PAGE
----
Exeter Chiefs director of rugby Rob Baxter made an impassioned defence of his club’s style of play as the conversation in rugby circles focuses on whether the game is going dull.
What is certain is Exeter have developed a dominant winning formula, one which others are trying to mimic.
The only thing that’s dull about Chiefs at the moment is the predictability of results – so far ahead of their rivals are the Devon-side. .
So far this campaign Baxter’s men have steamrollered over Harlequins 3-33 in Round One and Bath 40-3 in Round Two to sit top of the new 2020/21 Gallagher Premiership table with back-to-back bonus point wins and a positive points difference of +67 having already scored 11 tries, the most of any side in the league by four.
It’s hard not to imagine a future where Leicester Tigers aren’t going to suffer a similar fate this weekend as well.
Of Exeter’s 11 tries, five have come from mauls, two from 5m scrums where Chiefs have pushed the opposition back over their try line, one from forwards powering over from close range and three from open field play.
For people tempted to tinker with the laws again, Baxter’s message is let things settle for a while and coaches and players will work out a way to beat defences.
Baxter said: “People might be criticizing us at the moment, I don’t why? Maybe because we are on TV more than others. There are ways of negating what we do, you just have to commit to stopping us.
“If you commit to stopping our maul [you can], but you might have to leave space elsewhere to do it, and that creates a different type of game because there is space somewhere else and we would be fools not to play to it.
“People talk about de-powering the maul and making them easier to stop, why? They are easy enough to stop now if you commit enough people to them. But if you want to commit eight forwards to it, and the opposition don’t want to commit their eight forwards to it then they probably aren’t going to stop it. That is what the game is about, making those decisions at the right time.
“It continually baffles me that people won’t let the game cycle out, because as they game cycles out you have to continually change and adapt, we are already changing and adapting things.”
While Chiefs are dominant up front, scoring with their powerful maul and perfectly drilled scrum, Exeter are not afraid to cut sides up with their backs when the opportunities arise.
Of the three open field tries scored by Chiefs so far this season, two are serious contenders for try of the season already, with 20 rounds plus the play-offs still to come.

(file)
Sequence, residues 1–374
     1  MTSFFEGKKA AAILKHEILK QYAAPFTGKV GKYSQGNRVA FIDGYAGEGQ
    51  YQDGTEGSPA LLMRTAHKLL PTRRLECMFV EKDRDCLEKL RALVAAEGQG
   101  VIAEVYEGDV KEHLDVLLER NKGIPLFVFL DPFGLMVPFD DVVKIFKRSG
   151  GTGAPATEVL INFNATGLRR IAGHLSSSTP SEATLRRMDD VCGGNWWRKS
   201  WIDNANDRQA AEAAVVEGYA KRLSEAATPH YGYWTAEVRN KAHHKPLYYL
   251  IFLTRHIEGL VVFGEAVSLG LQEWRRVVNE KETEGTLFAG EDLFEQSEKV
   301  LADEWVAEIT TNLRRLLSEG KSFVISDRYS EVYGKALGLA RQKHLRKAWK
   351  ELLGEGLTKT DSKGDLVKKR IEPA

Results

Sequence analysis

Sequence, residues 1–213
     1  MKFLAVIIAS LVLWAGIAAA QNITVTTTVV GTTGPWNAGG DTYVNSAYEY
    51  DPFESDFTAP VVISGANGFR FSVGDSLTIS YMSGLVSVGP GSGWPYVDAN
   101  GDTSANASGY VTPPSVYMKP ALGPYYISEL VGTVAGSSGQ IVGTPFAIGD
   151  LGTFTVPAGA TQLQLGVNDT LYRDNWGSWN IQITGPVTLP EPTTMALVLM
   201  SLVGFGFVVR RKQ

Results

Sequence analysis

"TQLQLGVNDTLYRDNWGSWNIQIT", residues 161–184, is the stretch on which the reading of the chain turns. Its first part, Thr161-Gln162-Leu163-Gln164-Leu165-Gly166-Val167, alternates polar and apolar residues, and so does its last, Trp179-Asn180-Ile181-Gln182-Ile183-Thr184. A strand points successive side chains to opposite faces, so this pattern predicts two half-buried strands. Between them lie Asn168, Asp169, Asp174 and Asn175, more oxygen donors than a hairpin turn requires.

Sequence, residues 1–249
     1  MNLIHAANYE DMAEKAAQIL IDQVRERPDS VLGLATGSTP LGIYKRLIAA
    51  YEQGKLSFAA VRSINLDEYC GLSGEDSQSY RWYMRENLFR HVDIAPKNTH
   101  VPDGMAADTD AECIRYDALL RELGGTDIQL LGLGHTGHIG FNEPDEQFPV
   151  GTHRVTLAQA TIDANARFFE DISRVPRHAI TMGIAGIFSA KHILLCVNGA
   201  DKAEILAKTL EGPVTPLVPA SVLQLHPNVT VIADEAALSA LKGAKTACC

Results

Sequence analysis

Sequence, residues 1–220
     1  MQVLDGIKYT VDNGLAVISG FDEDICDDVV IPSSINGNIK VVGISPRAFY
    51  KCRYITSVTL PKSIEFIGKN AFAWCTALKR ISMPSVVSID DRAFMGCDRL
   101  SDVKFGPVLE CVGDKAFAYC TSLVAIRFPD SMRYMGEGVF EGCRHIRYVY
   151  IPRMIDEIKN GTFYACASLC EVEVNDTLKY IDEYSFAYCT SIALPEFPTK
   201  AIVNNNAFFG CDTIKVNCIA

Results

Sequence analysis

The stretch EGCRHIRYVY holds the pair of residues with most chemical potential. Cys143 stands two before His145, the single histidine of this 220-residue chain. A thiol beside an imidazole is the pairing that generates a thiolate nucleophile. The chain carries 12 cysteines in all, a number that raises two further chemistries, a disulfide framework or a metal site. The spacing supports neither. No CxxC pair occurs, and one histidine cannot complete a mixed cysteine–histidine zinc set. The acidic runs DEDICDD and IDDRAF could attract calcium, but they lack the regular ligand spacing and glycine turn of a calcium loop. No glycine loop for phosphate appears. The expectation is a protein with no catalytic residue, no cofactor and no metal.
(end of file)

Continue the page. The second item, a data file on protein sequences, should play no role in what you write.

Gallagher Premiership Player of Round Two, Tom O’Flaherty, scored the most outrageous of tries at the weekend as he volleyed a cross-field kick from Joe Simmonds into the dead ball area before winning a race to touch down. It was a triumph of skill, balance, quick thinking and innovation.
Meanwhile Chiefs full back Facundo Cordero has gained the most metres in attack (186m) in the Premiership after two rounds and beaten more defenders (17) than any other player.
Number eight Sam Simmonds is the top try scorer by a country mile with five already, including one solo effort from 48m out against Harlequins which left those who witnessed it shaking their heads in disbelief.
He turned to the cameras at The Stoop that day, arms aloft mirroring the famous scene in Russell Crowe’s epic movie Gladiator when the central character asks his audience: ‘Are you not entertained?’
Well aren’t you?
Simmonds tally of five already compares favourably to the 11 scored by Bristol’s Ben Earl and Gloucester’s Ollie Thorley to be named joint top try scorers in the Premiership in 2019/20.
While the international game is being dominated by defences, the Premiership is a live and well and soon set to entertain fans back in stadiums which Baxter said will go a long way the raising the spectacle levels.
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Baxter added: “I have no problem at all with criticism as long as it is bounded up with facts.
“I think a lot of times feelings take away from facts and we have got to be really careful we don’t have this romantic memory of what the game used to be like, being a lot quicker because they weren’t.
“People have got so short a memory of what they thought was this incredible game, that genuinely concerns me. If you actually sit down and analyze the time in play it is not actually that bad.”